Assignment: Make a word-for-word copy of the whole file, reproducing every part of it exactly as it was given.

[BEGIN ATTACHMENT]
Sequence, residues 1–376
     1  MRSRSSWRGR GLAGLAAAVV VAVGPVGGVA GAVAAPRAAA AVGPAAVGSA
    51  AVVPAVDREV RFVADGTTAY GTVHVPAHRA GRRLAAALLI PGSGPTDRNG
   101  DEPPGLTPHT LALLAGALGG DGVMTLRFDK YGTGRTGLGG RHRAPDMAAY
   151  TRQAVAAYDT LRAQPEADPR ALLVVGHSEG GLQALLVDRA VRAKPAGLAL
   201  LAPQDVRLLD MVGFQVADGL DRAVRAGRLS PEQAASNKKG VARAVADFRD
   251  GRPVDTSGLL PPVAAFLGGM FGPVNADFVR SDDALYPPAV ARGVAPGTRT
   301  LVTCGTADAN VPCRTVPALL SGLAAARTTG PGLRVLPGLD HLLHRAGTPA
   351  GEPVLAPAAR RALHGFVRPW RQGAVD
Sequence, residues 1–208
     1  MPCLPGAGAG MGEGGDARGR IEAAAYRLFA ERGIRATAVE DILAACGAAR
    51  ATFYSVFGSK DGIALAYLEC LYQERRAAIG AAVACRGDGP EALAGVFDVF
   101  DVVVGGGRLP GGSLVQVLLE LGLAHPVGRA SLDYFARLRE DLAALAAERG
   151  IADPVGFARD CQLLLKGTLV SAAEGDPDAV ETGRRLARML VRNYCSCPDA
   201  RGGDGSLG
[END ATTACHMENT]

Sequence, residues 1–376
     1  MRSRSSWRGR GLAGLAAAVV VAVGPVGGVA GAVAAPRAAA AVGPAAVGSA
    51  AVVPAVDREV RFVADGTTAY GTVHVPAHRA GRRLAAALLI PGSGPTDRNG
   101  DEPPGLTPHT LALLAGALGG DGVMTLRFDK YGTGRTGLGG RHRAPDMAAY
   151  TRQAVAAYDT LRAQPEADPR ALLVVGHSEG GLQALLVDRA VRAKPAGLAL
   201  LAPQDVRLLD MVGFQVADGL DRAVRAGRLS PEQAASNKKG VARAVADFRD
   251  GRPVDTSGLL PPVAAFLGGM FGPVNADFVR SDDALYPPAV ARGVAPGTRT
   301  LVTCGTADAN VPCRTVPALL SGLAAARTTG PGLRVLPGLD HLLHRAGTPA
   351  GEPVLAPAAR RALHGFVRPW RQGAVD
Sequence, residues 1–208
     1  MPCLPGAGAG MGEGGDARGR IEAAAYRLFA ERGIRATAVE DILAACGAAR
    51  ATFYSVFGSK DGIALAYLEC LYQERRAAIG AAVACRGDGP EALAGVFDVF
   101  DVVVGGGRLP GGSLVQVLLE LGLAHPVGRA SLDYFARLRE DLAALAAERG
   151  IADPVGFARD CQLLLKGTLV SAAEGDPDAV ETGRRLARML VRNYCSCPDA
   201  RGGDGSLG